What does the UK’s sustainable office of the future look like?
Many of the UK's biggest businesses are planning to downsize their office estates this year, while outlining plans to continue remote working post-lockdown. But are environmental considerations a driver, as well as Covid-19? And will the office of the future be truly sustainable?
Those are some of the questions edie is exploring in its new, free Explains guide on sustainable offices in the ‘new normal’, published this week and hosted in association with Rio ESG.
But, since work began on the ten-page report, additional research has been conducted into corporates’ post-lockdown office plans; additional businesses have finalised estate plans and remote working requirements and, of course, Government Covid-19 rules have continued to shift as the roadmap out of lockdown progresses.
This feature, therefore, builds upon the report with comments from some of the leading businesses that occupy – and finance – office space across the UK.
Smaller estates and more flexible space
A recent Accumulate Capital survey of 500 UK firms found that 73% are expected to finalise downsizing plans by September 2021. The key driver is clear – most workers want to continue working remotely, at least part of the time, once lockdown lists. The KPMG CEO Outlook Pulse Survey for 2021 polled 500 chief executives and found that one-fifth are predominantly looking to hire remote workers, while a further one-third are looking at a hybrid model of working for all staff.
The secondary driver will, of course, be the need to reduce costs. The UK economy contracted 9.9% during 2020 – the sharpest year-on-year contraction since 1709. But many businesses are also hoping that smaller estates will help provide a boost for social and environmental sustainability as well as the bottom line.
Mitie’s chief of staff Peter Dickinson tells edie the business has been testing a “hub” approach, whereby staff who need to work from the office can visit their nearest office, rather than their usual base. Staff have been observed to take advantage of this scheme for meetings and collaborative workshops particularly, with most having expressed support for a ‘hybrid’ model, in which routine solo tasks are completed at home and group work is completed at the office.
In the long-term, Dickinson claims, some offices will likely be consolidated if these patterns of behaviour continue. “Focusing on larger hubs and moving away from small offices is also much more energy-efficient and helps us to minimise our impact on the planet,” he said, alluding to Mitie’s commitment to reach net-zero by 2025. Building energy use is notably one of the firm’s largest sources of emissions, along with transport.
Dickinson additionally explains that Mitie has seen many of its business clients undergo a similar “change of mindset” over the past 12 months – a recognition of the interconnected benefits for people and planet that hybrid working can bring. This recognition was evident in edie’s discussion with EY’s UK chair Hywel Ball, who says: “We believe there will always be a need for EY to have office space across the UK, but how we use our offices in the future is highly likely to change with greater emphasis on collaboration spaces and meeting rooms for example rather than hot desks for independent working which is more likely to be done from home. We will be listening carefully to our people and clients to see how their needs and behaviours change as we come out of the pandemic.”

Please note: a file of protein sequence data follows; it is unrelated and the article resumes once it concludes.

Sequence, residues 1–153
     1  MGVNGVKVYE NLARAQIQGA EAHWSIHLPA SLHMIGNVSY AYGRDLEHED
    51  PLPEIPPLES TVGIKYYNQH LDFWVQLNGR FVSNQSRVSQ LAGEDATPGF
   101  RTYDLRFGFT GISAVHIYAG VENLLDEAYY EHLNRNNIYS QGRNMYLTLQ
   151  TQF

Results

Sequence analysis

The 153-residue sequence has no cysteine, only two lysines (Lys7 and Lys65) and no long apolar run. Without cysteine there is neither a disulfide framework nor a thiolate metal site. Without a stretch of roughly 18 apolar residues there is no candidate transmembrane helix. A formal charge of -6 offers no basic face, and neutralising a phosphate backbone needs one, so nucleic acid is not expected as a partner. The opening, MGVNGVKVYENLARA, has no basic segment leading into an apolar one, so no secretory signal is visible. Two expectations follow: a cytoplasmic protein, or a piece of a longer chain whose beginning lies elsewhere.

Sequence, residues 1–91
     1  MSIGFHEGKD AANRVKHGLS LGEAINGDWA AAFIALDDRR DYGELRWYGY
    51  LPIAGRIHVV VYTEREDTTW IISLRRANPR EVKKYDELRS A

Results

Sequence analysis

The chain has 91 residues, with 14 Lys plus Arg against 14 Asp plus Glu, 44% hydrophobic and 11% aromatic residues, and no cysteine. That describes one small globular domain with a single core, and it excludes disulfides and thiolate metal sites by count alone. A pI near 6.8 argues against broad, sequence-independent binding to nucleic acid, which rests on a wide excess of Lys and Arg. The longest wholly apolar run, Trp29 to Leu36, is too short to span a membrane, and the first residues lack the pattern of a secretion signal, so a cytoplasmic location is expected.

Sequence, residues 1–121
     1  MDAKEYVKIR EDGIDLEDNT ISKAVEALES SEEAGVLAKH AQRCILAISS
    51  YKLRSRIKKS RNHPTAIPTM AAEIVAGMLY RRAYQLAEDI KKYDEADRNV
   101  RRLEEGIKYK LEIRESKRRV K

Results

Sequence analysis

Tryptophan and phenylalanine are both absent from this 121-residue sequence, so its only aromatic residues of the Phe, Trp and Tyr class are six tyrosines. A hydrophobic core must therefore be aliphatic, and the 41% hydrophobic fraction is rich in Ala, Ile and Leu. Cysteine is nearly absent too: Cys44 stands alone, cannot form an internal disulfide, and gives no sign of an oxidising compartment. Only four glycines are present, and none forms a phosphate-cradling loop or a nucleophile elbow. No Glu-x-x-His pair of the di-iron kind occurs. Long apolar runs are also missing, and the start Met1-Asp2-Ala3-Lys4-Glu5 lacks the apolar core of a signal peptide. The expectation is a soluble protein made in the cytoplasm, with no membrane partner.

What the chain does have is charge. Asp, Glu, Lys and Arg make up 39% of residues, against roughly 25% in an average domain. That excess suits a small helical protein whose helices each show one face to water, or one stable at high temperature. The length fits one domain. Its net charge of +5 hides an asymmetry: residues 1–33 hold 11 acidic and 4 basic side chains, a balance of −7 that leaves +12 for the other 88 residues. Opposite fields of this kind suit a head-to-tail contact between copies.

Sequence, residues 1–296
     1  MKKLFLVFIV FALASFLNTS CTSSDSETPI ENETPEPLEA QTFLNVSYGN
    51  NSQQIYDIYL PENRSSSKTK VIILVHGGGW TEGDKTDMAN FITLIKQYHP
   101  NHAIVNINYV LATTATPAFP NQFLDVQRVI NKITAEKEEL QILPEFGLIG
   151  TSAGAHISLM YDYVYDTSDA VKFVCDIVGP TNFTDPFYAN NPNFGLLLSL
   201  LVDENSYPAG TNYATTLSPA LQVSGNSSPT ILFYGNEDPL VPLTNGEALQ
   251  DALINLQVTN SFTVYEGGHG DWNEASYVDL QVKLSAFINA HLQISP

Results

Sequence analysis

Competitor PwC is making similar changes, investing £75m in the UK alone to create “ more open, collaborative spaces and fewer traditional desks, and investing in technologies such as audio and visual equipment to support remote working and client engagement “ over the next 18 months. “ For example, our new Watford office has designated garden space, social space and library space, “ a PwC spokesperson tells edie. “ This summer we’re opening a new office in Belfast which will take a similar, multi-use approach. “
Another organisation consolidating its office space is the Cambridge Institute for Sustainability Leadership (CISL). The Institute is merging five offices into one and has chosen a former telephone exchange building for a multi-million-pound retrofitting project that will dramatically improve energy efficiency. The office will, overall, have more total space than the five offices collectively provide.
#EntopiaCambridge is being delivered through @Cambridge_Uni‘s Estates Division by a team of leading sustainability-focused firms who understand the need for deep collaboration and #innovation to achieve stretching #sustainability targets: https://t.co/AQVePb8Ztx #buildingchange pic.twitter.com/fsoiufiCe4
— Cambridge Institute for Sustainability Leadership (@cisl_cambridge) March 10, 2021
CISL founder and director Dame Polly Courtice tells edie that the Institute was planning the move before the UK’s first lockdown and has continued to ask staff about their changing needs and preferences. These considerations of staff wellbeing will be intersected with the organisation’s environmental mission; the new ‘Entopia’ office is targeting an A rating on the EPC, up from an E rating at present, as well as BREEAM ‘Outstanding’, Passivhaus ‘Enerphit’ and WELL Gold certifications. This latter certification covers things like natural light, thermal comfort and fostering community, beyond environmental metrics.